Another marriage equality video, this time from a campaign in the UK. They’re not real soldiers but it’s still a great short video. The best way I can sum it up is to quote the commenter cjmandrake “Remember, they aren’t special rights, they are equal rights.”
There has been a lot of talk recently about the new iPad and how good the screen is. As someone who has had the iPad 2 for a while and is now a new iPad owner, the difference is subtle but quite nice. Everything is crisp and much easier to read. Graphics have no visible pixels. It is similar to having changed from the iPhone 3GS to iPhone 4 (or iPhone 4S). Having said that, there are a few times so far where the higher-res screen isn’t nice. Like looking at those wallpapers I’d downloaded previously that are now pixellated, or looking at apps that haven’t yet migrated to the new Retina display. However, these are minor and the pros outweigh the cons.
So, how clear is the new screen? Well it’s really not something you can actually tell via a picture of them side by side – you really have to see it in person. However, the images below should help to give a perspective. The images below are of the first 250 pixel x 250 pixel block of the screen. First is the iPad 2, second is the new iPad.
As my wallpaper is a grid you can easily tell it is four times the size of the original (double in both the x and y axis equates to four times) iPad and iPad2 resolutions.
© Caucas' - Flickr
It seems like wedding bells are ringing for everyone anymore. In October I had accepted a job offer after applying to a different part of Purdue University. In talking with my new manager, I found out she wasn’t married but had been with her boyfriend about as long as Justin and I have been. Apart from one or two other people, she was the only person other than Justin and I that I knew who wasn’t married. This past week that changed when she married her boyfriend and became husband and wife.
While I am happy for her and she is one of the most friendly, cheerful and inspiring people I am happy to have met, I’m sad that Justin and I are once again the only un-married couple I know. I don’t want much – I just want to make official our love for each other in the eyes of the government. I want to enjoy spending the rest of our lives together in the security that we are able to enjoy all the protections and responsibilities afforded by marriage. I do not understand why this is such a bad thing and why I still cannot marry the person I love.
(c) Darrell Godliman - Flickr
The United States was originally founded because the first immigrants from Europe were searching for freedom from religious persecution. How fitting that today, hundreds of years later, their descendants are persecuting others based on that same religion.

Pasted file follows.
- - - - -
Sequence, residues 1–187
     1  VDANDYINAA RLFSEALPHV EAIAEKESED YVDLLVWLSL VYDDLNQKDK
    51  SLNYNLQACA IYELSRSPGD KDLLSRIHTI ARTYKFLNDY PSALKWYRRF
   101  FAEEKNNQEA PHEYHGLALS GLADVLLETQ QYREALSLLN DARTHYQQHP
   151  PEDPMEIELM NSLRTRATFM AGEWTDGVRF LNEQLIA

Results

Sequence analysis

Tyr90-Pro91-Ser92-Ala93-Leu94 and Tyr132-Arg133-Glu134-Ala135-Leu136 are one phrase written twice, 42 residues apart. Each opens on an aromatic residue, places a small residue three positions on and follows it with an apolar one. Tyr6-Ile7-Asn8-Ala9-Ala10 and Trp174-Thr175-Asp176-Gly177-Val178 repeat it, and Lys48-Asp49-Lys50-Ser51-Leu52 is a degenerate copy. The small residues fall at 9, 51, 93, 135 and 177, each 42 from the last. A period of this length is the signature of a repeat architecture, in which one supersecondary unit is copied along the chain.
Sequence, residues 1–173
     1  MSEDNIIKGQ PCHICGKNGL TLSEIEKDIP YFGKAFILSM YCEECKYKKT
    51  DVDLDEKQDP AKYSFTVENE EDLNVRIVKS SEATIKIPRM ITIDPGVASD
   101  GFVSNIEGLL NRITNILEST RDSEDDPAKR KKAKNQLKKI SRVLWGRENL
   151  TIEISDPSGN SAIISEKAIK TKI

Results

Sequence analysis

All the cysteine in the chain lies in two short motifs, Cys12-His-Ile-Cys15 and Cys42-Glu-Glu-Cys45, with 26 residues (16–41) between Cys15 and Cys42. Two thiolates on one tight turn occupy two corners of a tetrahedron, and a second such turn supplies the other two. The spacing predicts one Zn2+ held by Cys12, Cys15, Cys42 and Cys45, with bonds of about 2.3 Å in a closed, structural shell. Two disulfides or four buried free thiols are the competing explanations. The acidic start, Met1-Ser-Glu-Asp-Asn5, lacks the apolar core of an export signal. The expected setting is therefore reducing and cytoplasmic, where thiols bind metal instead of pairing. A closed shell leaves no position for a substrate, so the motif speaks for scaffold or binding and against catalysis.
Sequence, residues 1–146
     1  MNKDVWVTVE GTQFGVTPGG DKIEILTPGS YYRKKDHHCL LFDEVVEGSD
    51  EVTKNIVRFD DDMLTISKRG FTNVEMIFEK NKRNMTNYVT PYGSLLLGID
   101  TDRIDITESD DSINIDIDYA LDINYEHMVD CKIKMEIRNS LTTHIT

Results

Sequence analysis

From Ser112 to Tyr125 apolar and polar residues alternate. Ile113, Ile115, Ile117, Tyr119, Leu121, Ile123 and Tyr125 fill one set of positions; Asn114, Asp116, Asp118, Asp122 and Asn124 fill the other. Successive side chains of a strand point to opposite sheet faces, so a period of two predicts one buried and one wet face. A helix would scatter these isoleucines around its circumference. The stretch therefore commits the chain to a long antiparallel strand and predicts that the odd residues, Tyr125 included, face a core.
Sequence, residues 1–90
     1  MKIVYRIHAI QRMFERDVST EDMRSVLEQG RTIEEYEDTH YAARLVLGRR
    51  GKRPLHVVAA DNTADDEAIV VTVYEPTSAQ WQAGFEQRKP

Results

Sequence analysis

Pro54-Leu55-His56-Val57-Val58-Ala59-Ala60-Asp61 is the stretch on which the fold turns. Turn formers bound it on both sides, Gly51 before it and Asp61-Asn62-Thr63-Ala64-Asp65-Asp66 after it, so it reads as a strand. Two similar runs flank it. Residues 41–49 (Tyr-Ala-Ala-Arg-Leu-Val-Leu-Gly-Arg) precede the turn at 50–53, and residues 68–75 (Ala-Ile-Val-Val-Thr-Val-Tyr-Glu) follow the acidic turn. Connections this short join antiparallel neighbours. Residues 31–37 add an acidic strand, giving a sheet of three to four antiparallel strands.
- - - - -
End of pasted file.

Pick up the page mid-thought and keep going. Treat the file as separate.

As a gay man, I have limited rights in the country I was born despite the fact that the founding fathers declared America a land where “all men are created equal.” Of course, as we all know, this doesn’t apply if you happen to love someone of the same sex. Or so the religious extremists would have you believe.
While the scenery is changing and gradually improving for same-sex couples in America, there is still much work to do. I will write another post with more details another day, however items such as immigration rights are among the most depressing rights denied to same-sex couples. Heterosexual married couples are granted 1,138 rights and responsibilities nearly all of which are denied to same-sex coupoles who have gotten married in the few states which have passed full marriage equality as these marriages are severely crippled due to DOMA, a federal law which defines marriage as being between one man and one woman. This backwards-thinking law denies almost all of the 1,138 rights and responsibilities regardless of whether you are legally married but happen to be same-sex.
For Justin and I, the largest issue is immigration rights. Although we have been a committed couple for almost four and a half years and despite the fact that we have countless finances proving this and have co-signed on the purchase of a car, the rental of a house for over two years and have many friends and family who can clearly see the love we have for each other, I have zero rights to be able to keep Justin in this country. The only way he can legally stay is if he happens to find an employer who would sponsor him for a visa and eventually a green-card. This to me is a serious crime and a major slap in the face. “All men are created equal.”
Unless you’re gay – then you can be stepped on and constantly told, by those who previously nurtured and cared for you before they knew you were gay, that you are nothing and that you deserve no rights – that your love of someone of the same sex is a “choice.” Yes, you are right. I prefer to be treated as a second class citizen. I prefer to have rights ripped from me daily. I prefer to be turned away when doing something as simple as donating my blood to those in need. I prefer to be constantly told by my state and my country that my love for another man is disgusting and despicable. I prefer to be called a “faggot” when walking down the street with my boyfriend. I prefer to be unable to keep the person I love in this country.
There’s a new ad going around in Australia which is probably the best ad for marriage equality that I’ve seen yet. The video is embedded below, but it shows normal life and how two people want to just be together. It’s not about gay marriage, people. It’s about marriage. Such a simple video, such a powerful message.